Saturday, July 12, 2003
M A I L  B O X


Living on a spoonful of water

THIS refers to Jushi Bakshi’s article "Living on a spoonful of water" (May 31). Come summer and the spectre of water famine looms large over the nation. Cities, towns and even rural tracts complain of dry taps, dry wells and dry hopes. Instant experts predict tougher days ahead, apart from dropping hints about desertification. "They are rubbish" says R.K. Sivappan, an authority on water technology. He says that the problem has not with water resources but with their management. The genesis of the problem lies in utter mismanagement of the precious commodity. If every drop of water that is drained or wasted is recycled, it is enough to irrigate a million hectacres of cultivable land. After preliminary treatment, drainage water can be used to recharge ground water (as happens in Los Angeles in the USA), pumped to industries for cooling purposes (as most western nations do) or diverted to farmers to raise crops (as Israel does) or pumped into rivers to pollute them dangerously as India does!

If this country stops destroying its rivers and poisoning ground water, it will also solve its drinking water problem.

VIJAY SHEEL JAIN, Ludhiana

 


II

The writer has pointed out well-known fact of water famine in near future. The reasons pointed out are various. One of the problem is unabated deforestation.

The water is being used to cleaning floors, clothes, and for building of new houses. And the worst is use of water for watering of kitchen gardens. Availability of inexpensive water has encouraged people to misuse water !

According to the WHO, water management in India should be privatised before a alarming situation arises.

People should be given monetary help for building underground tanks for harvesting rain water. They can also be educated to treat this water in such a way as it can be used during summers for bathing, washing, and watering kitchen gardens.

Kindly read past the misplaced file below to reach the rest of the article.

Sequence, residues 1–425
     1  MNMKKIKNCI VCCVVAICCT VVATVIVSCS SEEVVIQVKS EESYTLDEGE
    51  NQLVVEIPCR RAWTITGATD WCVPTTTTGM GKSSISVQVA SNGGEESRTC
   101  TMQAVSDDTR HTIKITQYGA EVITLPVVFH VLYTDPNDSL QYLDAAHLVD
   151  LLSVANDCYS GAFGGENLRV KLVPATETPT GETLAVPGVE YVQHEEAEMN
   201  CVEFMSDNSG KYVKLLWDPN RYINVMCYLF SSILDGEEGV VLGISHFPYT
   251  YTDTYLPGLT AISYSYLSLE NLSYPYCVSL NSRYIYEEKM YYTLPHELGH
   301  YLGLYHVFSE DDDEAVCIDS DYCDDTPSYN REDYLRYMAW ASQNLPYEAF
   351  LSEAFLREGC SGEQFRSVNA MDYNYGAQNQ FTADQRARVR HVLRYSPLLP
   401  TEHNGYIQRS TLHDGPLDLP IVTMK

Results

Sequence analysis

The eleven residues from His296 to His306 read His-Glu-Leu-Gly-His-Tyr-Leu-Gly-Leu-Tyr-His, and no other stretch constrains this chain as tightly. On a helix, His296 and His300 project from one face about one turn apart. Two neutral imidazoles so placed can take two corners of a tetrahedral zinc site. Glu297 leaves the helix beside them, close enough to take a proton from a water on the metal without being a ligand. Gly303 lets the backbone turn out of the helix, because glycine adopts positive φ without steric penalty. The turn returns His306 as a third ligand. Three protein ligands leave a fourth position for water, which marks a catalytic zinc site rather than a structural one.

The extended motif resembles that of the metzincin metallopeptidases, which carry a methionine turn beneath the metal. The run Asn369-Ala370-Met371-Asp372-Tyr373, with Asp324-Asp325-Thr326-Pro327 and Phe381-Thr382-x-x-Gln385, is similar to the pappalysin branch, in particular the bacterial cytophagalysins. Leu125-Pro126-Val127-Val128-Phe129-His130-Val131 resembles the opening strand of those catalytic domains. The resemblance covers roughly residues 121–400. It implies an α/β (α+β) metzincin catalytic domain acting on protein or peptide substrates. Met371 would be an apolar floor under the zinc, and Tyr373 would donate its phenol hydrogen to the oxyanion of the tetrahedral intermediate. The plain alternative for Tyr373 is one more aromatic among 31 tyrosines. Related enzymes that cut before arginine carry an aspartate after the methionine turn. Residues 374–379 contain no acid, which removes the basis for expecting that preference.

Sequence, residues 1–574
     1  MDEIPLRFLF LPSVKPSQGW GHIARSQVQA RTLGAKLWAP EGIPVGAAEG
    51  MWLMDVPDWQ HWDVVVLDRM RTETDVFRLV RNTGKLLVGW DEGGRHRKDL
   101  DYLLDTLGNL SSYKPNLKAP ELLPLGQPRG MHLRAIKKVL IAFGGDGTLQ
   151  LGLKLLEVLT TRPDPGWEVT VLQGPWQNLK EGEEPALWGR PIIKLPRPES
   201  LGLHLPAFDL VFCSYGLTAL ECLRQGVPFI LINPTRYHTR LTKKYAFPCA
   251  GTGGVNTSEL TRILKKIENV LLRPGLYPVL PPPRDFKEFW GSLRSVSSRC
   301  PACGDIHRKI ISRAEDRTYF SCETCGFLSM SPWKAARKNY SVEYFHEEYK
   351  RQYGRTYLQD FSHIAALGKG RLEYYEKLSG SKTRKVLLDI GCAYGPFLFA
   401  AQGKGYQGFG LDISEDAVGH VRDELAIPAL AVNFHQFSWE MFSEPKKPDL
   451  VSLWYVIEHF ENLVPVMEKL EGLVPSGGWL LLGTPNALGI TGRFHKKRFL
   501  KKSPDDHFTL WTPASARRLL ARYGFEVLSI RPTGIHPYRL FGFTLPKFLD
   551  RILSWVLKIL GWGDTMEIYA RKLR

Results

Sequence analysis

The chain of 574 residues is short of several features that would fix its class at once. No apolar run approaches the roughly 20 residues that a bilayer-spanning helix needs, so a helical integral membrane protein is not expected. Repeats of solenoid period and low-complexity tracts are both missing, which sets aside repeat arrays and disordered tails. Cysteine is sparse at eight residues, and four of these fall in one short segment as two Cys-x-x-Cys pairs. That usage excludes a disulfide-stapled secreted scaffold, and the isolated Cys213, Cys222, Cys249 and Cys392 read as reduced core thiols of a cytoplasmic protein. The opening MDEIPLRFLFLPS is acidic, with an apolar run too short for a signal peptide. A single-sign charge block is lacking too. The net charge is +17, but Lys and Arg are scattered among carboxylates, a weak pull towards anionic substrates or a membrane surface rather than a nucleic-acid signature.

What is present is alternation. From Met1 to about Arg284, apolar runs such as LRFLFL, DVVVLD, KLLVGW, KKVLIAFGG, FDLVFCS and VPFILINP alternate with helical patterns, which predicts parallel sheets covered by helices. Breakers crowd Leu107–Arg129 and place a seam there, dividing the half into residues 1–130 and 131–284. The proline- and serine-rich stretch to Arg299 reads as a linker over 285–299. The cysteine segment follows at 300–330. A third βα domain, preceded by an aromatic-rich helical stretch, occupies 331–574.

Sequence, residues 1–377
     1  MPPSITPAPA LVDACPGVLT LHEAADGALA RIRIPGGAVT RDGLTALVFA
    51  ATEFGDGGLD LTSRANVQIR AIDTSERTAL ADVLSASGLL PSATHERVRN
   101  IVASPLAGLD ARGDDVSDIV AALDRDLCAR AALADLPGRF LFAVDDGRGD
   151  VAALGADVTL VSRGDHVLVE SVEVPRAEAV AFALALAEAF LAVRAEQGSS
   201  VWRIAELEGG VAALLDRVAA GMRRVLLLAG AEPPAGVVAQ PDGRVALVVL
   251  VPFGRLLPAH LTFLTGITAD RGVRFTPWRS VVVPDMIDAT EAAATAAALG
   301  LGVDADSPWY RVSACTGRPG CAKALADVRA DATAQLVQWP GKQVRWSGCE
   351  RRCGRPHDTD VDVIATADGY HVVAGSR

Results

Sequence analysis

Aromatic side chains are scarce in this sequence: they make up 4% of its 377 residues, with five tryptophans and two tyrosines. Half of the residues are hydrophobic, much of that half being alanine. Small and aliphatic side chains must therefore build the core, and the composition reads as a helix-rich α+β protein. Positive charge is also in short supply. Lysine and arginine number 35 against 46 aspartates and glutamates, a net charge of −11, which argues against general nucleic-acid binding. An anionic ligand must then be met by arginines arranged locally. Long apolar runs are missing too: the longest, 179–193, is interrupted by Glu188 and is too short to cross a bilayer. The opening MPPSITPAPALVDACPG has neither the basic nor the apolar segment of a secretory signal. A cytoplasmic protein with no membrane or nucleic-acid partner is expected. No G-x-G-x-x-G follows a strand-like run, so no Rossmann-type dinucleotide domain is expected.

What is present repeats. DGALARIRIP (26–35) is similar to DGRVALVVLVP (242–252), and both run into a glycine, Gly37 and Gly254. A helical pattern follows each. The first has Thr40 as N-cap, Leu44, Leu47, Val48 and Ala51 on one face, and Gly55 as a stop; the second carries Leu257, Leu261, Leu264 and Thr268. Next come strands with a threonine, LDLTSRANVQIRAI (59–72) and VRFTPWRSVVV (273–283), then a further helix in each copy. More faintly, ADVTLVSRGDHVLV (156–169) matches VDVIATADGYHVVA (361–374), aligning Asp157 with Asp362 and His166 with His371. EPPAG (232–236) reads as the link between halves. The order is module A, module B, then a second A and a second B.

ASHOK SHARMA Hamirpur

Hullabaloo over conversions

This refers to Khushwant Singh’s article "The hullabaloo over conversions" (June 7). The writer has raised a very pertinent question about the conversion issue: Whose business is it besides that of the person who wants to convert to another faith?

Certainly, it is the business of the person concerned. They say all religions are equal. If it is really so, then why the hullabaloo over conversions?

In fact, conversions are less a change of faith and are more weapons of protest. In a country where the politics of democracy has reduced the religious communities to mere vote banks, the exploited or disgruntled people take to conversion to give a jolt to the powers-that-be. The ruling classes, therefore, say that conversions lead to social tensions.

If we want that this form of protest is not resorted to by the people, then the custodians of religion have to learn how to take care of all the people. If they have the audacity to justify the killings of five Dalits by saying that cow is more important than the lives of five human beings, then why should the Dalits continue to be a part of the Hindu society?

Religion must also be separated from politics.

As religion is a private matter, so is conversion. If a person really feels that he cannot get inspiration from the Vedas let him choose the Bible or the Koran or whatever else he likes. His right to have religion of his choice is an inalienable fundamental human right.

SURENDRA AJNAT Banga

This feature was published on June 28, 2003